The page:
UK: Greater accountability to rail users and devolved authorities is envisaged under proposals from the Rail Delivery Group published on April 30, along with the establishment of an ‘independent national organising body’ to co-ordinate and oversee the entire rail sector.
Unveiling its proposals to the Williams Rail Review, which has been tasked with rethinking the shape of the UK rail sector, RDG said it wanted to see ‘a generational step-change in accountability and customer focus’.
Reflecting comments from review Chairman Keith Williams that the current model for awarding passenger operating franchises is no longer fit for purpose, RDG said ‘short-term fixes’ were no longer sufficient, and that radical reform was essential. Noting that previous reviews had either not taken a whole-industry perspective or had not been implemented in full, RDG welcomed the government’s commitment to bringing forward a White Paper to implement the recommendations of the current review, which are due to be submitted to Secretary of State for Transport Chris Grayling by September.
In shaping its eight-point plan, RDG consulted with a wide range of users and stakeholders, as well as looking at the models adopted in other countries, notably Sweden, France, Germany, Japan and the USA. While none of these offered a simple ‘copy and paste’ solution, RDG felt the Swedish approach offered much that could potentially be translated to a UK context.
The centrepiece of its proposals is the establishment of an independent body with overall charge of the rail sector. This is intended to take much of the decision-making out of the political arena, whilst ‘acting as the glue that binds the industry together, so that everyone is working to meet the same customer-centric goals’. Potentially bringing together the franchising functions from the Department of Transport, economic regulation from the Office of Rail & Road and some aspects of Network Rail’s national System Operator, this body would ‘drive up accountability and standards’.
Building block approach
The arms-length body would oversee a more customer-centric approach to organising passenger services, ‘designed to suit the needs of different groups’. RDG proposes three possible ‘building blocks’, that could build on its proposals for reform of the national fares and ticketing arrangements put forward earlier this year.
In urban and commuter areas, RDG envisages that devolved authorities could specify and award public service contracts including closer integration of rail with other modes, and potentially retain some or all of the revenue risk. This would draw on experience at Transport for London or Transport Scotland, but might require constitutional reforms to devolve more powers to the authorities concerned.
On long-distance routes, RDG suggests that multiple operators should be able to compete for business in terms of price and quality, ‘making services far more responsive to passenger needs’. This could range from pure open access competition to the auctioning of ‘bundles of slots’ as proposed by Virgin Rail Group in its submission to Williams.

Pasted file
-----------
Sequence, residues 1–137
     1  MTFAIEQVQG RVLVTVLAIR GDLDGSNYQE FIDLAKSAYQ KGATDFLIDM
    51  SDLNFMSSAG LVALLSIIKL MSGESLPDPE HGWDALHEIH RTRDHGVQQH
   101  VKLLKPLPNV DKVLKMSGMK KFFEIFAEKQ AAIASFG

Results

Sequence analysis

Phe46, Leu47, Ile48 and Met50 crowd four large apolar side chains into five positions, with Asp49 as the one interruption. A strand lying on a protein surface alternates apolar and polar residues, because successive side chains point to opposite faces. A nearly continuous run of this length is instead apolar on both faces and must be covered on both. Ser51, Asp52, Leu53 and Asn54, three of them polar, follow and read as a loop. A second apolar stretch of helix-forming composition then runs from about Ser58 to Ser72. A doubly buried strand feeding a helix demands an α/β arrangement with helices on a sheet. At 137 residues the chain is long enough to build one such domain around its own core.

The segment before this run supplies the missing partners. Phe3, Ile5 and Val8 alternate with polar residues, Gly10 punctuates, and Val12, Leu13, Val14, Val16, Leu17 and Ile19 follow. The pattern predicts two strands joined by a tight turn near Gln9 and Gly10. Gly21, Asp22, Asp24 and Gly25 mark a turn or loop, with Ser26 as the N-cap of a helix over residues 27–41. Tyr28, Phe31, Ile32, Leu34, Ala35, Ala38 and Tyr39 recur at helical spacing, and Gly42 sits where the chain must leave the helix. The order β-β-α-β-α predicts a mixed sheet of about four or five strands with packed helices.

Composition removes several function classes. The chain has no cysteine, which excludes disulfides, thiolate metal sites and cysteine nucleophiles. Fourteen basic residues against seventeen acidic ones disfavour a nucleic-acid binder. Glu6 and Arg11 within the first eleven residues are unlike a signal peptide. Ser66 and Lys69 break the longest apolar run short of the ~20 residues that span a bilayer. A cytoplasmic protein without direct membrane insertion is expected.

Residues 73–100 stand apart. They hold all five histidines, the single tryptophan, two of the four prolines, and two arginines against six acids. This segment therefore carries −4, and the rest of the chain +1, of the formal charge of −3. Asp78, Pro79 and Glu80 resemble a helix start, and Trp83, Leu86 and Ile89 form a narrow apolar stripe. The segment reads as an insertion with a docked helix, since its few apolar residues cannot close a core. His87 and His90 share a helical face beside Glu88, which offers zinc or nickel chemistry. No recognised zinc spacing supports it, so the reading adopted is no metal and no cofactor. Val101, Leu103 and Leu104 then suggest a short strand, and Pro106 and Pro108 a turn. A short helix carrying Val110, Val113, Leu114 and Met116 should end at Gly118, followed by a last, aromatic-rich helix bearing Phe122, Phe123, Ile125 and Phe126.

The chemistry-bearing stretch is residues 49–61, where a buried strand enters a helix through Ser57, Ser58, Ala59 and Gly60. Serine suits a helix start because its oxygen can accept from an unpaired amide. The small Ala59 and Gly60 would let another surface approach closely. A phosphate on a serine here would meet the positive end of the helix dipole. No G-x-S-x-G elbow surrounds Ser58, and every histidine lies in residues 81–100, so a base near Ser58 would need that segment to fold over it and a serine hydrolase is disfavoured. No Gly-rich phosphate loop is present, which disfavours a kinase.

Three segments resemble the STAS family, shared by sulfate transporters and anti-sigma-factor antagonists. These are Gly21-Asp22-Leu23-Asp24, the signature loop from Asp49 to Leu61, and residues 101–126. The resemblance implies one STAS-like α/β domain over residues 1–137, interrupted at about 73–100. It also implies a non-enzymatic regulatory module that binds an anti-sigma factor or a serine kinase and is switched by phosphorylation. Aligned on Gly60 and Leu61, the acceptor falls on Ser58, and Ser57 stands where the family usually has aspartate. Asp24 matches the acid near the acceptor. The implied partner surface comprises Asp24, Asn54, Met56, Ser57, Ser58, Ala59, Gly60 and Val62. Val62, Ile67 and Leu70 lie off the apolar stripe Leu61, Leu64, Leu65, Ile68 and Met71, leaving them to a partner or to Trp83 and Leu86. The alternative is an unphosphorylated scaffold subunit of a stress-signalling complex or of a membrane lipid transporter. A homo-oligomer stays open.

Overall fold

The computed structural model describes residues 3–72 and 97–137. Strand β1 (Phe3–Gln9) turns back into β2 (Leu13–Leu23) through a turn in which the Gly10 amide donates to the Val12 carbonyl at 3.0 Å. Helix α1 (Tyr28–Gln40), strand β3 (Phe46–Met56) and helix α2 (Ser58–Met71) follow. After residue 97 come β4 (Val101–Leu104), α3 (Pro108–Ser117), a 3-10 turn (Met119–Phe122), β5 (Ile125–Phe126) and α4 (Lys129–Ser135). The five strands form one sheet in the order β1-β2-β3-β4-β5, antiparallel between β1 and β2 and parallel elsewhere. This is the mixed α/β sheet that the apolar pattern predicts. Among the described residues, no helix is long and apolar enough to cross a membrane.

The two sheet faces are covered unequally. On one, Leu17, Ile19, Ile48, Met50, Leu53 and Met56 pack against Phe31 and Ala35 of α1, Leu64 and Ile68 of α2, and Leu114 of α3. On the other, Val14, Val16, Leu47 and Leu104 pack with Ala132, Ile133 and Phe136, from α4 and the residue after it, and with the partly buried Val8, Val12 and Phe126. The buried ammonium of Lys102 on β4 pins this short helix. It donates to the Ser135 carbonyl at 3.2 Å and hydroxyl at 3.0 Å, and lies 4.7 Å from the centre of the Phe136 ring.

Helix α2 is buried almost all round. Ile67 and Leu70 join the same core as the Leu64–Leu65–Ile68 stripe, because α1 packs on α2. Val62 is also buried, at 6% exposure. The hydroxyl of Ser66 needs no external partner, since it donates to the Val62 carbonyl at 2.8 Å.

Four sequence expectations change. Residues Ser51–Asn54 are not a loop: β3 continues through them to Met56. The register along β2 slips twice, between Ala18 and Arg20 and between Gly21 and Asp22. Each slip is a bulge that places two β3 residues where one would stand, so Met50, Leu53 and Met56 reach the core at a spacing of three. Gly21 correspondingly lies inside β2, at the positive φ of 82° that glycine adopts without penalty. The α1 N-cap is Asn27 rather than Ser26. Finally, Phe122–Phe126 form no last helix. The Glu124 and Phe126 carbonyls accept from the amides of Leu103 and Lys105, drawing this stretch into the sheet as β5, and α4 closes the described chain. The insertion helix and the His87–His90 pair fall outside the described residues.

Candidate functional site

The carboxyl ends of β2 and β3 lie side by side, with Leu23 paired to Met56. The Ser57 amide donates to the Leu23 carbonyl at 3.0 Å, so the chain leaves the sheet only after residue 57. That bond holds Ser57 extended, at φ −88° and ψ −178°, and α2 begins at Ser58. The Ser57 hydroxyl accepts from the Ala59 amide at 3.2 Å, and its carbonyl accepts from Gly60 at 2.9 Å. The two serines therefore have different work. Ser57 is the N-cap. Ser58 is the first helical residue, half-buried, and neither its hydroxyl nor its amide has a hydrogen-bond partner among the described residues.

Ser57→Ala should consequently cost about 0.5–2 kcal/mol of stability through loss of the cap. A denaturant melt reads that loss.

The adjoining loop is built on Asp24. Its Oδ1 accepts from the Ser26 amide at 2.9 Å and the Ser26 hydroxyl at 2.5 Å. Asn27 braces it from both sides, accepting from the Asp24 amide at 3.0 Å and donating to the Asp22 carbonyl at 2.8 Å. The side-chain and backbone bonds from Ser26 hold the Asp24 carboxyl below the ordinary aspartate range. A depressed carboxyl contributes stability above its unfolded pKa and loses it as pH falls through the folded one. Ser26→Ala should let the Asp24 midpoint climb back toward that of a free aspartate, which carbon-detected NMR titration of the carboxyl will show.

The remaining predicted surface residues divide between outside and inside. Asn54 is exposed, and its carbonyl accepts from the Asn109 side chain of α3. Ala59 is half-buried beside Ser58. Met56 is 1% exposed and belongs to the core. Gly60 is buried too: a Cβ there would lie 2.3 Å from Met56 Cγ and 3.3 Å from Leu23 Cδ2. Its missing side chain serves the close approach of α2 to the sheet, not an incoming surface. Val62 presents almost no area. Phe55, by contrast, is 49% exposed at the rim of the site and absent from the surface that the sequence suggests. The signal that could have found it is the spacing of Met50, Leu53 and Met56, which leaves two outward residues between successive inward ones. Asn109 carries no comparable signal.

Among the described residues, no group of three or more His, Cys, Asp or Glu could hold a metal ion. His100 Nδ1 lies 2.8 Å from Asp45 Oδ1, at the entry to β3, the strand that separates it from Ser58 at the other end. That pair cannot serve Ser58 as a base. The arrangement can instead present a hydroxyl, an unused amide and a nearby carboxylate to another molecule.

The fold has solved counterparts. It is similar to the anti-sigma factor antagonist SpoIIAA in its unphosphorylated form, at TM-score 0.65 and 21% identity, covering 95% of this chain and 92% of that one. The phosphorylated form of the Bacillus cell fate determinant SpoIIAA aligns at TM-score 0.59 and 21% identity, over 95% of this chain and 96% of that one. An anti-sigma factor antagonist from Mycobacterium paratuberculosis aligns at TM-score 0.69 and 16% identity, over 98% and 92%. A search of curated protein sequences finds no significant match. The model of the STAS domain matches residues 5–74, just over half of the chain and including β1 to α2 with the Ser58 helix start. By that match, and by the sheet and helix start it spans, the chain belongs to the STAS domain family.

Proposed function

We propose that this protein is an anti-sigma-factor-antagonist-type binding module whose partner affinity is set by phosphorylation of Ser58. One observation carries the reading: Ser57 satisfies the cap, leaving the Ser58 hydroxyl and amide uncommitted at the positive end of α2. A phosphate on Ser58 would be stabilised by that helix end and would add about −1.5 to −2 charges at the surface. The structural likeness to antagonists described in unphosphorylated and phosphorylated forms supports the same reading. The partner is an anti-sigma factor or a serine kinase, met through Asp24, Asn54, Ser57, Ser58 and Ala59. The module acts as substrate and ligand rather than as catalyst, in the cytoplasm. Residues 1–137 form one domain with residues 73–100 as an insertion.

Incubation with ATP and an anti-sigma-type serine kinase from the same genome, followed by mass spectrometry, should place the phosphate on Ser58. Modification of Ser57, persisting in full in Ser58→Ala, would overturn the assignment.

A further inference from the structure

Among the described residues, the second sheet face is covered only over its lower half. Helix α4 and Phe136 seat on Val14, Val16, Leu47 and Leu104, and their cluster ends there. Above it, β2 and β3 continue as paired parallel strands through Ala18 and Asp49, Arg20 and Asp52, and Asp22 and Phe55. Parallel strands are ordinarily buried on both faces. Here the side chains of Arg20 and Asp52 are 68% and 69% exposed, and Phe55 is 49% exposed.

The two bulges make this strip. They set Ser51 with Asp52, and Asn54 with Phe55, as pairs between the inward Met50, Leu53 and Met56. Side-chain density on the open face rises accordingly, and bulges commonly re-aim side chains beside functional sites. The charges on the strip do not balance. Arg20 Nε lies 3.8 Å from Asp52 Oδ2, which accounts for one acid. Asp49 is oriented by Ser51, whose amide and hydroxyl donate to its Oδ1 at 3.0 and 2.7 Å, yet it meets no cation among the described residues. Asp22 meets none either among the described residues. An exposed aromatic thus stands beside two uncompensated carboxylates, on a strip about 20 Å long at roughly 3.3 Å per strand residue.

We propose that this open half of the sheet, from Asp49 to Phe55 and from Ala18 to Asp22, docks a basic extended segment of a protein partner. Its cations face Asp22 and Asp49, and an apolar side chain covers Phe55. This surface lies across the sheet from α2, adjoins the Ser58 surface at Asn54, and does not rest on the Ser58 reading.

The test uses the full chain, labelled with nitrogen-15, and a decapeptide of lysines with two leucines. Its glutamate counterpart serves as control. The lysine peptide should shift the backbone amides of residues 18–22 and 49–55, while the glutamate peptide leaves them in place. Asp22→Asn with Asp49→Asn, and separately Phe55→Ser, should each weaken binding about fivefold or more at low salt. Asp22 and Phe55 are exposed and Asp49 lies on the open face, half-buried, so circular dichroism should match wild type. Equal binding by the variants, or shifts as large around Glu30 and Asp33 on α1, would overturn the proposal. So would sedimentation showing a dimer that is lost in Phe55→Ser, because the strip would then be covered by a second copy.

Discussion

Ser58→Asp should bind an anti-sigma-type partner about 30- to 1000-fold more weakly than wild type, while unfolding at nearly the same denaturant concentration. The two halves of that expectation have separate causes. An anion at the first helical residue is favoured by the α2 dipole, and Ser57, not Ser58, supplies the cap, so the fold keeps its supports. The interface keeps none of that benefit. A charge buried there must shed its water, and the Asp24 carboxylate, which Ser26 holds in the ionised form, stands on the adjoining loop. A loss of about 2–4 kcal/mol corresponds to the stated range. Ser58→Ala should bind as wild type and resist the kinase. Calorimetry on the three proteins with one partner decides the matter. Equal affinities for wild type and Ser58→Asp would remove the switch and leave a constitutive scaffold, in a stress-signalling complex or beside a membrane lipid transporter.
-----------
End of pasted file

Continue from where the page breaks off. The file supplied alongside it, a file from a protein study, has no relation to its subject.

Other routes, including rural areas, could be operated under contracts or franchises awarded at national or sub-national level. These would focus on ‘outcomes’ rather than tightly specified inputs, leaving the operators more freedom to innovate, while incentives and rewards would be driven by ‘tough’ performance and quality targets.
RDG says its proposals would build on the current devolution process within Network Rail, including the changes announced by Chief Executive Andrew Haines in February to increase local accountability. It insists that the aim should be to ’make sure track and train are all working to the same customer-focused goals’.
Any reforms must also ‘enhance freight’s central role in delivering for Britain’s economy’. Emphasising that ‘it is important that freight obtains the access it needs to the whole rail network’, RDG wants to ‘work with government to develop a clear national framework to put rail freight at the core of business, environmental and transport strategic policy-making’. This would require ‘a set of consistent legal, commercial and regulatory mechanisms to underpin continued business confidence and private sector investment’, as well as a nationally co-ordinated timetable and a coherent track access charging model.
With around 20% of current railway employees due to retire by 2033, RDG says attracting and retaining people with the right mix of skills for a digitally-enabled railway will be essential. Recognising that the industry needs to address issues such as diversity and culture change, it suggests that reforming the way in which public sector contracts are awarded and managed should provide ‘a more holistic and stable planning horizon’ and long-term incentives for workforce development.
Responding to the announcement, Transport Focus Chief Executive Anthony Smith said the independent users’ watchdog would be examining RDG’s proposals closely. ‘Passengers tell us they want a railway that is more accountable and simple to use, both locally and nationally, especially for commuter services. It will be passengers who will ultimately judge whether any changes deliver them train services that are more reliable, provide more space to stand or sit, offer a real customer focus and represent better value for money.’